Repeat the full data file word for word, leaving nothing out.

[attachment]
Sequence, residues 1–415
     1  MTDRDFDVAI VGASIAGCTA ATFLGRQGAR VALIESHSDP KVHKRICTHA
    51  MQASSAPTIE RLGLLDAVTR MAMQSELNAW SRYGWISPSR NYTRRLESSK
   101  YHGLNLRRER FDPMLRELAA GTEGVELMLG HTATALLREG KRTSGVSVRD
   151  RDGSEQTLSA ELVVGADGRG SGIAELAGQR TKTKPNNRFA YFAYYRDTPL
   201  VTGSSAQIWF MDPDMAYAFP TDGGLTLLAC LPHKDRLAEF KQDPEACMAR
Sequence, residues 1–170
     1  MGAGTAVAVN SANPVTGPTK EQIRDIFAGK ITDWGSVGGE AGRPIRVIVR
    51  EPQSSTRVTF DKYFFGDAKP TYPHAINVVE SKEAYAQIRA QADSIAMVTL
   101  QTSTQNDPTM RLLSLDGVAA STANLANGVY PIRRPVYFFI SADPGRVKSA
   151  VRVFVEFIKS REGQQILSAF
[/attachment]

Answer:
Sequence, residues 1–415
     1  MTDRDFDVAI VGASIAGCTA ATFLGRQGAR VALIESHSDP KVHKRICTHA
    51  MQASSAPTIE RLGLLDAVTR MAMQSELNAW SRYGWISPSR NYTRRLESSK
   101  YHGLNLRRER FDPMLRELAA GTEGVELMLG HTATALLREG KRTSGVSVRD
   151  RDGSEQTLSA ELVVGADGRG SGIAELAGQR TKTKPNNRFA YFAYYRDTPL
   201  VTGSSAQIWF MDPDMAYAFP TDGGLTLLAC LPHKDRLAEF KQDPEACMAR
Sequence, residues 1–170
     1  MGAGTAVAVN SANPVTGPTK EQIRDIFAGK ITDWGSVGGE AGRPIRVIVR
    51  EPQSSTRVTF DKYFFGDAKP TYPHAINVVE SKEAYAQIRA QADSIAMVTL
   101  QTSTQNDPTM RLLSLDGVAA STANLANGVY PIRRPVYFFI SADPGRVKSA
   151  VRVFVEFIKS REGQQILSAF